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Hanoi Tigers

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My husband stands in tailored trousers and Italian shoes, his bespoke shirt unbuttoned at the collar. He holds the sword with a practiced nonchalance as I approach the block, trembling, virginal shift so insufficient against the raw coastal cold.

“Such a disappointment,” he says, and it is almost with despair. “I had high hopes for you. But now; come. To your martyrdom.”

There is nothing I can do but delay, delay: I knew, had seen from the high window that horse and rider were coming. I had seen the skirts hitched high, seen the wild mane of hair, pale as a dawn and bright as fresh snow wild in the wind.

My sister was coming.

I dare to believe that I can hear the pounding hooves tear along the closing causeway.

“Come, you insubstantial thing. I haven’t all day.”

The sword glints in my husband’s hand, and I shudder, unbidden images of my blood and flesh so soon rendered rising. Without thinking, I touch the ruby choker about my throat. That precursor, that omen: I should have known the day he first wound it about my soft, pulsing neck.

I have been my own undoing.

I cast a desperate glance to my lover. His eyes still remain – for now. They are as wide as the sea and as helpless as the bird at its mercy as he watches me slowly, oh so slowly, approach the block. I realise, with a pulsating hysteria, that he will have to watch me die. Watch my blood spill.

Unless –

A distant whinny, perhaps.

Hooves on the stone.

My husband almost rolls his eyes, striding forward, grasping my arm and leads me as a pig to slaughter.

“Must you dawdle more? Leave the boy. He shall be dealt with in good time, I assure you. A less exalted instrument, of course, shall be taken to him – and not to his neck, I can assure you.”

I struggle, pull against his grip – but what use? His hand is iron, a shackle itself, and the cuts on my feet make each step a stumble.

But if she is not yet here… the horse may have fallen, have taken a false step, plunged into the roar of the sea…

My husband lays my cheek against the stone. It is cold and unrelenting, and I fell it seep into my skin, into my bones, into each plane of my face too early – too early yet to be a death-mask –

I cannot see my lover now. I feel his eyes on me, and on the gate that stands now in direct sight, on its side and still, God help us, closed.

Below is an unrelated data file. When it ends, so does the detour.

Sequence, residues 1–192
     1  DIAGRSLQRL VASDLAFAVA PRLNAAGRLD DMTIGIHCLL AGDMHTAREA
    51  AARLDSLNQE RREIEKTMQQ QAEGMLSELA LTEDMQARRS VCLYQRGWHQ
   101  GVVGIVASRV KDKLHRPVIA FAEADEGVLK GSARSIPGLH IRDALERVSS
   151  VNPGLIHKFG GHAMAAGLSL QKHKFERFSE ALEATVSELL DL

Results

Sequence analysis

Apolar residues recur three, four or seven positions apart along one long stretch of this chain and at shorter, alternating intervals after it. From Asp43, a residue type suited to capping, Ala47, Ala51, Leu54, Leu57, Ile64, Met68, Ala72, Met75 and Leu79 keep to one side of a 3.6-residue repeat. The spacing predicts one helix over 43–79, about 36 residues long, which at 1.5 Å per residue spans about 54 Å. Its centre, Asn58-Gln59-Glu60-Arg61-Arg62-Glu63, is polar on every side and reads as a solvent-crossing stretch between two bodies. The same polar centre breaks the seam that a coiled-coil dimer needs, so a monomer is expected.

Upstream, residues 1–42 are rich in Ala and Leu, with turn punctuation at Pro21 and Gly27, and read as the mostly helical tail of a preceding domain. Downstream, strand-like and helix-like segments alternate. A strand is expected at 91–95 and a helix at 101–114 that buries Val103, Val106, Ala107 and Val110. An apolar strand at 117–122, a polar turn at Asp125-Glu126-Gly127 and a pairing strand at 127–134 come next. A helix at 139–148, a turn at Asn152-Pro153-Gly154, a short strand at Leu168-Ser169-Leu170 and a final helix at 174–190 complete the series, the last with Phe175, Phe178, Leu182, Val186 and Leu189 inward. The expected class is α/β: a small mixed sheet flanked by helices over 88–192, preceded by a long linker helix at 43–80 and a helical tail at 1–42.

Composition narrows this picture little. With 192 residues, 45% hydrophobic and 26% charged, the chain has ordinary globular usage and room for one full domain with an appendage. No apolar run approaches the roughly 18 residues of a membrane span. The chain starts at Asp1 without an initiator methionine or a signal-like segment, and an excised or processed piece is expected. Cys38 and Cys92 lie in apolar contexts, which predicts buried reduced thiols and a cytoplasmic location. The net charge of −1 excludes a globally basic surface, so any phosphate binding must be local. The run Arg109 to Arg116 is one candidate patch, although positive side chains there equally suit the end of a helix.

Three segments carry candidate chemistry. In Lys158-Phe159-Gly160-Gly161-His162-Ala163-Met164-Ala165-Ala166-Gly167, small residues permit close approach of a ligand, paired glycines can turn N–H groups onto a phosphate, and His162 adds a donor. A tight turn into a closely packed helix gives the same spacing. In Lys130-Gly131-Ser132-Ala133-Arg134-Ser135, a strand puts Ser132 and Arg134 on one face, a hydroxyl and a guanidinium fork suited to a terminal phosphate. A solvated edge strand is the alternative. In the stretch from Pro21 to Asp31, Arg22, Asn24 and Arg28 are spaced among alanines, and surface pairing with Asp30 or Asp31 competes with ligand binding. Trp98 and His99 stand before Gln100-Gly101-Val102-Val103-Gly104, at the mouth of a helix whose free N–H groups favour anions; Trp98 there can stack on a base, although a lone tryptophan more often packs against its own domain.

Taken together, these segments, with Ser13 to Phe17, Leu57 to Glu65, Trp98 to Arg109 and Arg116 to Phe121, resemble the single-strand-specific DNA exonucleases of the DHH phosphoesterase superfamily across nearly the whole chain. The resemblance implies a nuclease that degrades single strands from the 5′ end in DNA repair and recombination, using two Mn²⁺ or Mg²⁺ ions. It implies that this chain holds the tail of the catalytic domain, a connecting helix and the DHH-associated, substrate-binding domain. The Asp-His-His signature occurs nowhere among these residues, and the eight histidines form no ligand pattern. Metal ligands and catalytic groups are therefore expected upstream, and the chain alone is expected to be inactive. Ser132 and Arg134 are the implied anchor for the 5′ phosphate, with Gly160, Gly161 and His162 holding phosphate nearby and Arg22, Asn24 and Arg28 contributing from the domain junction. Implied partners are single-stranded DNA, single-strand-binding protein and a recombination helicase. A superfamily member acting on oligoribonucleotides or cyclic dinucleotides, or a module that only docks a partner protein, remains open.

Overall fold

My husband draws my hair aside in a thick rope, as he had done once before, and seems to speak to himself with an odd tenderness.

“Such a pretty neck.”

I close my eyes. I do not know when the blade will fall.

The soft brush of his lips on the back of my neck send a shiver down my spine and sweat down my forehead, the anticipation of the cold, ceremonial steel too much, making every moment agony, each breath of wind or footstep on stone a vast spasm of feeling.

Then the cleaving of the air before that heavy blade.

Then –

Then the unholy hush of the courtyard shatters as she – oh she – bursts through the gates left unlocked by servants, horse rearing, screaming like Bucephalus, her hair a white mane, blown out by the sea wind, skirts tucked round her waist and legs exposed to the thigh, the breaking waves a frame behind her, one hand on the reins and the other holding our father’s pistol.

My husband, impotent at the last, stands slack-jawed for a moment, sword still raised.

He roars, but before the blade can fall, my sister takes aim and puts a single, irrevocable bullet through his head.

Silence.

My sister holds me, and frees my lover. She cries and takes no heed of my husband’s still bleeding corpse.

When the police came, much later, I took the key from my husband’s belt without a shudder. I handed it to them and told very simply the directions to the bloody chamber; my husband’s den of iniquity.

We did not hear from them again.

We live a quiet life, the three of us. It has not the glamour nor the impress of my brief, violent time as aristocracy: most of the money I inherited from my late husband (dirty money, I could not help but feel) I gave away, though felt justified in turning the manor itself into an orphanage. I pray the children there are not haunted by the ghosts of wives and girls my sister and her avenging pistol could not save.

As for my lover’s eyes, they retain their lustre, the promise of a blinding ending with my husband’s death. Sometimes, I feel ashamed to meet them, the memories of that time running anew.

But I know, as he takes my face in his hands, that his eyes should bring no shame: he sees me clearly with his heart.